Is tech's quest for immortality a rich man's game?

Ben Kingsley, lying down, in a scene from the movie “Self/Less”
Source: Focus Features

"You're rich, but you're dying. Do you feel immortal?"

That question, posed by one of the characters in the psychological thriller "Self/less" to ailing billionaire Damian Hale, highlights recent scientific advances to extend human life beyond its normal boundaries. In Silicon Valley and the halls of academia, vast amounts of time and money are being showered upon efforts to make bodies withstand the ravages of age and disease.

"Self/less" stars Ben Kingsley as Hale, a wealthy magnate who gets more than he bargained for when he undergoes an expensive treatment called "shedding" that lets him swap his dying body for a younger one. The movie shows the downside of immortality, after a series of unforeseen circumstances soon overwhelm his new lease on life.

The movie arrives at a time when technology and medicine are aggressively probing the boundaries of human mortality. Aside from the obvious issue of whether the quest for immortality is worth its attendant complications, the movie begs another nettlesome question: Is the pursuit of longevity really for the rich?

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The concept of living forever exposes a divide between the haves and have-nots. In "Self/less," Damian Hale pays a whopping $250 million to "shed" his body, a price tag hardly accessible to the working class.

Society's fascination with tapping the fountain of youth extends back centuries to folklore where "queens bathe in blood, thinking it kept you younger," Tarsem Singh, "Self/less'" director, told CNBC in a recent interview. Vestiges of those efforts to hold back the years have made a comeback, with blood treatments a part of the nearly $300 billion market for anti-aging cosmetics.

Technology is set to yield more advances—and no doubt more public and private contributions will fund such initiatives. However, average citizens are unlikely to be afforded immediate access to the treatments.

Given all the complexities of science and unintended consequences—some of which are detailed in "Self/less"—Singh suggested the immortality project may not be worthwhile.

"Who wants to live like that?" the director asked CNBC. "Science never works that cleanly, you never know what was done in a lab." Efforts to turn back the biological clock have "been around forever, but we are not made to be immortal," he said.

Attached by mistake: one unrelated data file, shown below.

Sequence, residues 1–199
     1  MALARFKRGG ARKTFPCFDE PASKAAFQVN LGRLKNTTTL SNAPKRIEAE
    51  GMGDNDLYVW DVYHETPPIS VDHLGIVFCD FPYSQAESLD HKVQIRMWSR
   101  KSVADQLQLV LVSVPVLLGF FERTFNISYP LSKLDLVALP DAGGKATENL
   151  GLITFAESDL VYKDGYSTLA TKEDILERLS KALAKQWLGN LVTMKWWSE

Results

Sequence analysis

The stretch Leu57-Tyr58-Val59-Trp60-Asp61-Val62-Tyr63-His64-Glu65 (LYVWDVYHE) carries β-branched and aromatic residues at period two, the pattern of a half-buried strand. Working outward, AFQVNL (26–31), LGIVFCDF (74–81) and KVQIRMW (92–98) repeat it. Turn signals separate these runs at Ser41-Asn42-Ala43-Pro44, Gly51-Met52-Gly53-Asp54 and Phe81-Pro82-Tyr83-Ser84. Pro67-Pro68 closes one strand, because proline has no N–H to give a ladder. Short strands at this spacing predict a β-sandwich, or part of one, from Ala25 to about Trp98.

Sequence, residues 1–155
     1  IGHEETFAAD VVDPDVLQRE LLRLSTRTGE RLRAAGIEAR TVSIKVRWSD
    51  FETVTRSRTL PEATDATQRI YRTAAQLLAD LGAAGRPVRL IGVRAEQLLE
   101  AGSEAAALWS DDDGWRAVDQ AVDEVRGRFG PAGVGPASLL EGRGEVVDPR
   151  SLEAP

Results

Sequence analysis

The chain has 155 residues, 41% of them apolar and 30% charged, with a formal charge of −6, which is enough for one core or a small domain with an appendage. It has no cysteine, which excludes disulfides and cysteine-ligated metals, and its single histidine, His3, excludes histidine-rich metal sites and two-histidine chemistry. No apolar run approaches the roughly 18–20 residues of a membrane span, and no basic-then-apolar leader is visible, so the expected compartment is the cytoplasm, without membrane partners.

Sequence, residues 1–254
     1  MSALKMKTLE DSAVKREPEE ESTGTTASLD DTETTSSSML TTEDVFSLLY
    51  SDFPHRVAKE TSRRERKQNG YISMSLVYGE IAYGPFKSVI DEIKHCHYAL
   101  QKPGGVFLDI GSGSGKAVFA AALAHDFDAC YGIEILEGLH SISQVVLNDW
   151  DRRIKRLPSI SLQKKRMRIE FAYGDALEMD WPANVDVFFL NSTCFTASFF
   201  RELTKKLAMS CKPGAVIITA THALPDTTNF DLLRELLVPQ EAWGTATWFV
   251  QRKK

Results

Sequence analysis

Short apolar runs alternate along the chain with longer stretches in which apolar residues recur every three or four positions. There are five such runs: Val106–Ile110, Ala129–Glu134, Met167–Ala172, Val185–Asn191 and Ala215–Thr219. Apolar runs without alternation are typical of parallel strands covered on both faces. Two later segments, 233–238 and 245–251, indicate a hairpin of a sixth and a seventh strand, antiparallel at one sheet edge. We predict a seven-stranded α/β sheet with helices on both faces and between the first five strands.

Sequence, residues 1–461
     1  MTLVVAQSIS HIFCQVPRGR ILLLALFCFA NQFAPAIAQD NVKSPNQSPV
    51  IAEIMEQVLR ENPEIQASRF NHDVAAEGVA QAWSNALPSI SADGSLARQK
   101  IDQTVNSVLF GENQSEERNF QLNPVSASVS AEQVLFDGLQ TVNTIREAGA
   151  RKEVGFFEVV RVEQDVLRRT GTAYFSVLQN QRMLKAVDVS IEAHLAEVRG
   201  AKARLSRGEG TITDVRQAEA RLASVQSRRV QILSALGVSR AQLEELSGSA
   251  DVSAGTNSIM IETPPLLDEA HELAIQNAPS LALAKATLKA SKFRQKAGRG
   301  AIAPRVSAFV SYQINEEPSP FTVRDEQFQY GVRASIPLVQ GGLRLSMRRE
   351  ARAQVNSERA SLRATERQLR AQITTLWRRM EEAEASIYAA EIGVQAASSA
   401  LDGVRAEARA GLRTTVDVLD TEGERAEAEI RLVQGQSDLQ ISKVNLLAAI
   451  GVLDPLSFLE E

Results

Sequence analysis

'We don't want things to be expensive'

Still, one factor remains abundantly clear. Wealth, and lots of it, is the wellspring from which longevity research stems. Billionaires such as Larry Ellison, Peter Thiel and Sergey Brin are throwing their financial might behind the still-emerging science.

Meanwhile, entities such as the $2 billion Google Ventures have hundreds of millions at their disposal. The anti-aging revolution is billed as a development beneficial to all humans, yet it's far from clear that everyone will benefit—at least not at first.

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Proponents, however, argue that extending life is moving away from cloned bodies and brain transplants often seen in popular culture. And they say immortality isn't just a conceit for the rich.

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David Gobel, co-founder and CEO of The Methuselah Foundation, argued that the federal government—through National Institutes of Health and other agencies—rather than private wealth was the biggest engine of longevity research spending. In fiscal year 2015, the NIH requested nearly $1.2 billion in total spending on aging research and treatment.

"The vast majority of life extension proponents don't want things to be expensive," Gobel said in an interview. He suggested that, by adding at least seven years to the average human life span, the government could even cut the Medicare deficit.

Using regenerative medicine to improve the body's functioning tissue, Gobel said his organization's aim is to make "90 the new 50 by 2030."

Rather than cloning or mind transplants often seen in the movies, "we want a more robust lifestyle by creating new parts for people."

Ian Pearson, a noted U.K.-based engineer with research consultancy Futurizon, estimates that average wealth will double within the next four decades, "so everyone will be twice as rich," and can presumably afford to pay more to live longer. "Some people don't want to live forever but other people do," Pearson told CNBC in an interview.

"It doesn't have massive appeal, and some are quite content with life as it is. There is a limited demand for it, but there will be hundreds of millions who do want to carry on living," the futurologist added.

Similar to the plot of "Self/less," Pearson sees the future of immortality in the ability to download the mind to an external cloud computer that preserves consciousness.

Just as with other technology from media players to cell phones, the prices of anti-aging solutions are likely to come down "very quickly" after the first generation hits the market, Pearson said.

Rapid advances in medicine and technology are slowly inuring the population to ideas that were once unthinkable, experts say, making wider adoption an easier sell, which in turn helps facilitate lower costs.

"The idea of a head transplant is horrific to the average guy on the street. It's horrific to me," said Methuselah's Gobel. Then again, he said, so was the idea of a heart transplant—which over the last several decades has become more accepted.

"The apparatus of [longevity research] has moved into accommodating the cost," Gobel added.